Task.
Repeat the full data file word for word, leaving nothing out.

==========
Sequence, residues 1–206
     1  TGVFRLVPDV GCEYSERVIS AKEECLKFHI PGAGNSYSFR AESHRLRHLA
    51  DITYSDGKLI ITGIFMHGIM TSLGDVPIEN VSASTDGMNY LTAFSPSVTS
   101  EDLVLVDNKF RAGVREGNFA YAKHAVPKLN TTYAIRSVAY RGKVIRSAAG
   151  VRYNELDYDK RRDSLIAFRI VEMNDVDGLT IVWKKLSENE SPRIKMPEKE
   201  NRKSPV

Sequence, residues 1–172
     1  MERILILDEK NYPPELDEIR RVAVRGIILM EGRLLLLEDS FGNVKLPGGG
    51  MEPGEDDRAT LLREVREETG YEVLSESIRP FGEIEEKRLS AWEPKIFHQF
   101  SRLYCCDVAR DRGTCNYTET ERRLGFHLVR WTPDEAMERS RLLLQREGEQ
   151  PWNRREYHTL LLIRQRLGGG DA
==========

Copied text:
Sequence, residues 1–206
     1  TGVFRLVPDV GCEYSERVIS AKEECLKFHI PGAGNSYSFR AESHRLRHLA
    51  DITYSDGKLI ITGIFMHGIM TSLGDVPIEN VSASTDGMNY LTAFSPSVTS
   101  EDLVLVDNKF RAGVREGNFA YAKHAVPKLN TTYAIRSVAY RGKVIRSAAG
   151  VRYNELDYDK RRDSLIAFRI VEMNDVDGLT IVWKKLSENE SPRIKMPEKE
   201  NRKSPV

Sequence, residues 1–172
     1  MERILILDEK NYPPELDEIR RVAVRGIILM EGRLLLLEDS FGNVKLPGGG
    51  MEPGEDDRAT LLREVREETG YEVLSESIRP FGEIEEKRLS AWEPKIFHQF
   101  SRLYCCDVAR DRGTCNYTET ERRLGFHLVR WTPDEAMERS RLLLQREGEQ
   151  PWNRREYHTL LLIRQRLGGG DA